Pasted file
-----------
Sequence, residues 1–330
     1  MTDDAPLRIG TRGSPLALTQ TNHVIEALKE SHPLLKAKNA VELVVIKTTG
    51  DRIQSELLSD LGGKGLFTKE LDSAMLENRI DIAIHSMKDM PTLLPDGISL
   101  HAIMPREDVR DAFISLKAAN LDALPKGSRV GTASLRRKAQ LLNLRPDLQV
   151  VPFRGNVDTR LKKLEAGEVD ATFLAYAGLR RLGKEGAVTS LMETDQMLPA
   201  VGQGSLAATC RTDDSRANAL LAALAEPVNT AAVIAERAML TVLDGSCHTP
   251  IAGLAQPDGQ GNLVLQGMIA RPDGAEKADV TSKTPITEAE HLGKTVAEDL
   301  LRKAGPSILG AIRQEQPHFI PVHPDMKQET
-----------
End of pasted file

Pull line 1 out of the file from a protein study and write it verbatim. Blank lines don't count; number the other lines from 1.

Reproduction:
Sequence, residues 1–330